Does Class implements Interface?

Jonathan Gardner jgardner at jonathangardner.net
Fri Aug 28 00:22:33 CEST 2009


On Aug 27, 3:09 pm, "Emanuele D'Arrigo" <man... at gmail.com> wrote:
>
> Apologies, my fault,

No apology is necessary.

> I didn't explain that humans are out of the loop
> entirely. It's only at runtime that the program obtains the class
> object that might or might not conform to an expected interface. In
> fact the program might obtain multiple objects and have to decide
> which one conforms best to the expected interface. Of course I could
> use hasattr() and the inspect module (anything else?) to find out if
> existing attributes and method signatures are those expected. Or I
> could just deal with the exceptions as they are raised. However, if I
> could somehow rely that the object I'm getting has the right methods
> and signatures I could avoid peppering the code with try/except
> constructs.
>
> I was just wondering then if this has been somewhat dealt with and has
> been wrapped in a neat package, set of functions, recipe or pattern.
>

Don't bother with introspection using hasattr() and such. Use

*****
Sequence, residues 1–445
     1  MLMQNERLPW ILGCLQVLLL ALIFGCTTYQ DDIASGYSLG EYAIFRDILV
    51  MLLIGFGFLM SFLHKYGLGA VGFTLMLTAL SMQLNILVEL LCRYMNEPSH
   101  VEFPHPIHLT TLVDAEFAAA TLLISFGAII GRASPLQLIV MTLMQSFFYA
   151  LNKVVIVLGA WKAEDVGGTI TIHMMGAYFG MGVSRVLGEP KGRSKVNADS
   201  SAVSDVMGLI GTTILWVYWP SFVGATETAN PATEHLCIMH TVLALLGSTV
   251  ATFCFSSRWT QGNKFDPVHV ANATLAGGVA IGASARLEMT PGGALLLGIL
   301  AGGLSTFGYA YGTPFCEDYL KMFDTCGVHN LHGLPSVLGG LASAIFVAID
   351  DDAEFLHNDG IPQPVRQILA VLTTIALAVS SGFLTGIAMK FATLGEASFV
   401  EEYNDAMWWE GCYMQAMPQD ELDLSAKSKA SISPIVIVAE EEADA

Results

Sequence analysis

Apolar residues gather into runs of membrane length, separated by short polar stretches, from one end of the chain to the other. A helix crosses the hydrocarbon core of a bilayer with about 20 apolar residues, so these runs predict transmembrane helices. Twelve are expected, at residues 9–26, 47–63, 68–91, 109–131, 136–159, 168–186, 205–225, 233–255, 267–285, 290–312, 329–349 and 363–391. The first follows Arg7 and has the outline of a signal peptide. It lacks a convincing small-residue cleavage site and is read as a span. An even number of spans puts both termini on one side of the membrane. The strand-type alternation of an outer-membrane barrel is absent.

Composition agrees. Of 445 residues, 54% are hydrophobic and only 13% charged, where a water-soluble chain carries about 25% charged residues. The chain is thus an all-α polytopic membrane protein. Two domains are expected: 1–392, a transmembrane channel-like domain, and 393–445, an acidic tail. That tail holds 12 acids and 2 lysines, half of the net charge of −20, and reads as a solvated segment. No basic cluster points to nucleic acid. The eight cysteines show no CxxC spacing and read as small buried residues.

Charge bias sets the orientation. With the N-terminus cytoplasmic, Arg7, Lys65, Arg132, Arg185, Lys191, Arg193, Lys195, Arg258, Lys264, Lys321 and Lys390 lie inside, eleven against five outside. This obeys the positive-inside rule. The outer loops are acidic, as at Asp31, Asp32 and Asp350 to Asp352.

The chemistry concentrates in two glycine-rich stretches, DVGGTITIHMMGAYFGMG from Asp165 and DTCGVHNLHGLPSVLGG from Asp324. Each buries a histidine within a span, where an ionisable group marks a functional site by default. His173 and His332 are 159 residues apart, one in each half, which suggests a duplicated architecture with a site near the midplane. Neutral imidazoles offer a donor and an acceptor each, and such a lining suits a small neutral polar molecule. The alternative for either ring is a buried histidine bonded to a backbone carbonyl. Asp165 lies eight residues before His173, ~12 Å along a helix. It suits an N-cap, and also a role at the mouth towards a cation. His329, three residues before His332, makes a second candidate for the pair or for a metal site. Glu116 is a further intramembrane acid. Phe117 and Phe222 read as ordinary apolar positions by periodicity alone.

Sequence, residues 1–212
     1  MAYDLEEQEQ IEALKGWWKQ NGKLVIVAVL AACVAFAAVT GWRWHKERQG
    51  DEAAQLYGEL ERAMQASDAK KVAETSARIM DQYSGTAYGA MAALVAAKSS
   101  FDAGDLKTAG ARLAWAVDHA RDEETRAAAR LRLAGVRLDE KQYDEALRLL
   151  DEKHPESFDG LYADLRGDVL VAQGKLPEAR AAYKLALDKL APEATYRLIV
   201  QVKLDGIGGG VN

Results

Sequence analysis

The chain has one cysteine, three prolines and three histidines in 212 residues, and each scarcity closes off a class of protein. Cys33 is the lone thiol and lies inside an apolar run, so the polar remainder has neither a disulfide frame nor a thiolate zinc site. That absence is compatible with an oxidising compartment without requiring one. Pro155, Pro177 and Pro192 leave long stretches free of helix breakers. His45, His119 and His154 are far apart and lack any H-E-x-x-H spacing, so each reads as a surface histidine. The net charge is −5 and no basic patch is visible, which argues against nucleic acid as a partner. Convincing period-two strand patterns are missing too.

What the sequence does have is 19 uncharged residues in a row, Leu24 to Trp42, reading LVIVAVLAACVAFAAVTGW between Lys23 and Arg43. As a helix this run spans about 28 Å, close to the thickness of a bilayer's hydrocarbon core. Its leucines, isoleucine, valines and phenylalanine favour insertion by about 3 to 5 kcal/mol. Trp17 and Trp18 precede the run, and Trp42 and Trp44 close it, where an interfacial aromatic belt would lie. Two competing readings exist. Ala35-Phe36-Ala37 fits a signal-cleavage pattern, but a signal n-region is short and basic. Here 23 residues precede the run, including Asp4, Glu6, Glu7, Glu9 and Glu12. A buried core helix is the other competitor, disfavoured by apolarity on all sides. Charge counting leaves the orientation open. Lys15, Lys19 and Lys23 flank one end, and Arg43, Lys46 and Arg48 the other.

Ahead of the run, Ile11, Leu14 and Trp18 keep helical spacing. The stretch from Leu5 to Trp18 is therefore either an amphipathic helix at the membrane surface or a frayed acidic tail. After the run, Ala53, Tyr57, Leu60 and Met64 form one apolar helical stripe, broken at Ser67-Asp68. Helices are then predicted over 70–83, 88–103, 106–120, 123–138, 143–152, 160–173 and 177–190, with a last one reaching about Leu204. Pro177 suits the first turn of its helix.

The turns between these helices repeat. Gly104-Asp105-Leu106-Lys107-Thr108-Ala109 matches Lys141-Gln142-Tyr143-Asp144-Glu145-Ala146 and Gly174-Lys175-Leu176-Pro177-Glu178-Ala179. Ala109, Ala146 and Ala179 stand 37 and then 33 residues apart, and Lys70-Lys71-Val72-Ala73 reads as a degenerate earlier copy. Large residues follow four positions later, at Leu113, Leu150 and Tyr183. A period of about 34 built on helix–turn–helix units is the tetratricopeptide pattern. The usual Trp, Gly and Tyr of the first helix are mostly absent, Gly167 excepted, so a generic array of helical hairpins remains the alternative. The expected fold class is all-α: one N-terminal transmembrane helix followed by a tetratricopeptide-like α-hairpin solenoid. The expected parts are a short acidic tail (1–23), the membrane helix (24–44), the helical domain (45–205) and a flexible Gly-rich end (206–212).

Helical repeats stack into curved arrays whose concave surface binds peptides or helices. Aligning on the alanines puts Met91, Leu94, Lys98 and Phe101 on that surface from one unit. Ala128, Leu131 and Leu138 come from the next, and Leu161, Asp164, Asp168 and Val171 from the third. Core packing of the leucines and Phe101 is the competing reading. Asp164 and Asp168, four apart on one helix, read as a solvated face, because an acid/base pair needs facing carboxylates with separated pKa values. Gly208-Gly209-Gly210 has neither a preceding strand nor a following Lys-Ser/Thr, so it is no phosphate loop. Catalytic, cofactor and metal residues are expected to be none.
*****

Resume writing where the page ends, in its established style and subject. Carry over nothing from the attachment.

exceptions. If the object that is instantiated at run-time doesn't
provide the right interface, throw an exception and direct it to the
responsible party.

This isn't much different than what you'd do if you're writing an app
that expects a string of digits but is instead given a string of non-
digits. Rather than inspecting the string before converting it
(introspection), just try to convert it and catch the exception. Then
handle the exception such that you tell the person who entered the
data, "I wanted numbers, not letters" and allow them to try again.

When you stop asking "Did I get something I expect?" except only when
it is absolutely necessary, then you can get back to writing your
program.



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